Mr. Mani said the rate of growth of tax collection remained at 12 per cent, ahead of the national average of 10.5 per cent.
Finance Minister K.M. Mani on Friday said while the State was not facing any financial crisis, it was experiencing a fiscal crunch on account of increasing demands.
In what appears to be one of the early pre-budget interactions with the media, he said revenue collection had registered an increase of 16 per cent. However, this was lower than the expected rate of growth.
One of the main reasons for the low rate of growth could be attributed to the fall in revenue from the sale of liquor, which had come down to 12 from the expected 20 per cent.Fall in exchange rate
The slump in the automobile and construction sectors had impacted the revenue. The fall in the exchange rate of rupee had also contributed to the general downward trend, he said.
“In spite of such mixed trends, the economy is on the whole passing through a comfortable stage. All dues with regard to social security pensions till September have been cleared, contractors’ bills till June paid, and there are no dues towards wages or dearness allowances. Above all, the State has steered cleared of overdraft so far,” he said.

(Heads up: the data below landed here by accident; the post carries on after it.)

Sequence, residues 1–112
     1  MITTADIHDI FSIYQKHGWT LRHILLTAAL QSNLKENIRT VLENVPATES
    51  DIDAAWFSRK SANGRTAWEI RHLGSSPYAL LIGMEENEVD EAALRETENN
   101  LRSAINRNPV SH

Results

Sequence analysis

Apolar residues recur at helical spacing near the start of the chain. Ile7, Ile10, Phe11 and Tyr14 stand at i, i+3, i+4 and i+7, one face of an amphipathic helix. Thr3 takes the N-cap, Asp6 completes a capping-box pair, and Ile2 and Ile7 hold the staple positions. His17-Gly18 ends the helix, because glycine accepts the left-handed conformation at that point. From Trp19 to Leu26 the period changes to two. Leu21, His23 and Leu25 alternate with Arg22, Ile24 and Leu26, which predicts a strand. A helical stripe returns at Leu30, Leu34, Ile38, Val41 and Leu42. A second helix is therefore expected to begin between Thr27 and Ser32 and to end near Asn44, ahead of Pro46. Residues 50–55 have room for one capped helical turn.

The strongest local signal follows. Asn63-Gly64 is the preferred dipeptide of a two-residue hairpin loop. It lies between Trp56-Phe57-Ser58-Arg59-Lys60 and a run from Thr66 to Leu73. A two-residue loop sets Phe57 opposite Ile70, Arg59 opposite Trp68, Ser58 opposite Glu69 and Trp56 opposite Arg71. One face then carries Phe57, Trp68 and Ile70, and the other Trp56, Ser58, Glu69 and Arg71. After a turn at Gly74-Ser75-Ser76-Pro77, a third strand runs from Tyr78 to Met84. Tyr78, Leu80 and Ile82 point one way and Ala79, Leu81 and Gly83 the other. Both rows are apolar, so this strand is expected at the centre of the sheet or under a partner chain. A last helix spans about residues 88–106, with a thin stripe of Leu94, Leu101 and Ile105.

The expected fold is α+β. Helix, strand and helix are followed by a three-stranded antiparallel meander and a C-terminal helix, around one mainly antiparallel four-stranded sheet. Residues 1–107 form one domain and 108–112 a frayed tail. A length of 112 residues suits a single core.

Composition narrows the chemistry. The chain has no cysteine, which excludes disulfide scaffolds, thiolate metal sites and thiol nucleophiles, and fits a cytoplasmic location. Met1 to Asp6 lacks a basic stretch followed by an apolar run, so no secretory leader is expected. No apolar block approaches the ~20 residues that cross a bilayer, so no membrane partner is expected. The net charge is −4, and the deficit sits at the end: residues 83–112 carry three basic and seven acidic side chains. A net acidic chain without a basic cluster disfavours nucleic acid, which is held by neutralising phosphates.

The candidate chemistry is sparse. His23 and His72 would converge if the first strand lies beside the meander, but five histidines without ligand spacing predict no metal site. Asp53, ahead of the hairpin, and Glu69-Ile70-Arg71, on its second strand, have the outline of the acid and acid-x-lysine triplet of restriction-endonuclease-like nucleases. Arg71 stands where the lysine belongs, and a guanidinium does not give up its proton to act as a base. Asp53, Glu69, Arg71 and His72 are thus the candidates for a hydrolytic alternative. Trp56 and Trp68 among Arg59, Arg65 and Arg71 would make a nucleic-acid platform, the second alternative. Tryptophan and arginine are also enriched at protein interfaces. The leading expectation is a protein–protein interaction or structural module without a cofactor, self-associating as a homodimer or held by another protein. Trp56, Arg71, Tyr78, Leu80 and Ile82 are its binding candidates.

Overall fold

Mr. Mani said the rate of growth of tax collection remained at 12 per cent, ahead of the national average of 10.5 per cent.Action plan
He expressed hope that the rate could improve as the government had asked officials to expedite the settlement of files with pending dues.
The pending cases of Kerala Government Sales Tax (KGST) and Central Sales Tax (CST) would be disposed of by January, he said. “Steps have been initiated to prevent tax evasion at check-posts.” The pending revenue recovery cases would be expedited and up to 50 per cent of the dues would be levied, he said.
Mr. Mani said the government had allowed stay for dues to the tune of Rs. 372 crore while the courts allowed stay on cases to the tune of Rs.1,057 crore.
However, the government had not allowed any absolute stay, he said and added that all complainants had to pay 30 per cent of their dues to receive the government stay order. Mr. Mani said one of the reasons for the financial crunch could be the large amounts earmarked for mega projects.